NetWellness is a global, community service providing quality, unbiased health information from our partner university faculty. NetWellness is commercial-free and does not accept advertising.
Wednesday, June 28, 2017
Pharmacy and Medications
Consumption of expired juice.
My two year old drank approximately 20-24 ounces of 13 month old expired juice. It was sold to me that way. We took her to the ER and they informed us that GI problems can occur. The next evening, she did have a very loose stool. I was just wondering what happens to the juice when it is that old? Is there any bacteria? Fermentation? The juice was a mixture of apple, cherry, orange, pineapple, and grape juice. Thank You.
Thank you for your question.
When any type of food passes its expiration date, it may become unsafe to consume due to bacterial growth. Fermentation is another word for the process of bacteria digesting food (brewers use specific organisms that eat sugars and ferment them into alcohol), so it is accurate to say out-of-date juice has "fermented".
It is impossible to know the exact types of bacteria that may have grown inside an out-of-date juice bottle without getting a microbiologist to culture the juice. This is almost never done in the case of food poisoning unless the cases are widespread and/or unusual. Culturing food samples will not help the doctor treat you any better.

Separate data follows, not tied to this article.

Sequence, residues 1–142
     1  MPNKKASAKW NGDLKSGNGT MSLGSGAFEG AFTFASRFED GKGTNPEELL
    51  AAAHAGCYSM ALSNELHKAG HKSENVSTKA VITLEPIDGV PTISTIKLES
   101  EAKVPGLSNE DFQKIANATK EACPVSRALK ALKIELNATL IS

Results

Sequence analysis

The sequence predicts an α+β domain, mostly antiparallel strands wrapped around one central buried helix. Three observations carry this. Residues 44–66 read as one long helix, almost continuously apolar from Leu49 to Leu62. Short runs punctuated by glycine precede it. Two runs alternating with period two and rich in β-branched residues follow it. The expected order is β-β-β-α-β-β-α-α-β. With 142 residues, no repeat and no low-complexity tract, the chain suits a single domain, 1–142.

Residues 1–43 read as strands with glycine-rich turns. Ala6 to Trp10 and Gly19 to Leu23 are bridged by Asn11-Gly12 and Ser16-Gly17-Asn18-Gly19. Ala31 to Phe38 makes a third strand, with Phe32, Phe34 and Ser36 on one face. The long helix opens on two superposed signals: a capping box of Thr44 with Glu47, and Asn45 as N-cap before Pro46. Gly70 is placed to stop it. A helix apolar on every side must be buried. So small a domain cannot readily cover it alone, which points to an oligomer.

When someone consumes out-of-date food, their body recognizes toxic parts of the bacteria inside their stomach and tries to get those out as quickly as possible. As a result, the individual will have upset stomach, nausea, vomiting, and diarrhea. The best thing to do in this situation is keep hydrated by drinking lots of fluids and let it run its course.
This is why the ER sent your two-year-old home with you. Your body is usually pretty good at getting bad stuff out, and if you take medicines to stop diarrhea, the toxic bacteria will stay in your body even longer.
If someone eats a particularly dangerous bacteria or food that contains an infective virus, they can become infected. The bacteria or virus will stay in the body and start to grow or multiply. In these cases, specific medical treatment is usually required.
So how do you tell if you have a simple case of food poisoning or if you are infected? Unfortunately there is no way for the average person to tell for sure whether or not they are infected with a bacteria or virus; that is a medical professional's job. There are signs and symptoms that are clues that you may be infected, and if you experience any of them you should seek medical attention immediately. They are:
1. temperature greater than 101.5 degrees Fahrenheit
2. bloody stool
3. not being able to keep fluids down
4. decreased urination
6. severe dehydration
7. diarrhea or vomiting for longer than three days
8. difficulty breathing.
If you experience any of these symptoms, you should go to your doctor and report what is happening immediately.
Submitted by Matthew Chamberlain, PharmD Candidate
Midwestern University College of Pharmacy
Carmen M Hadley, RPh, CSPI
Former Clinical Instructor
College of Pharmacy
The Ohio State University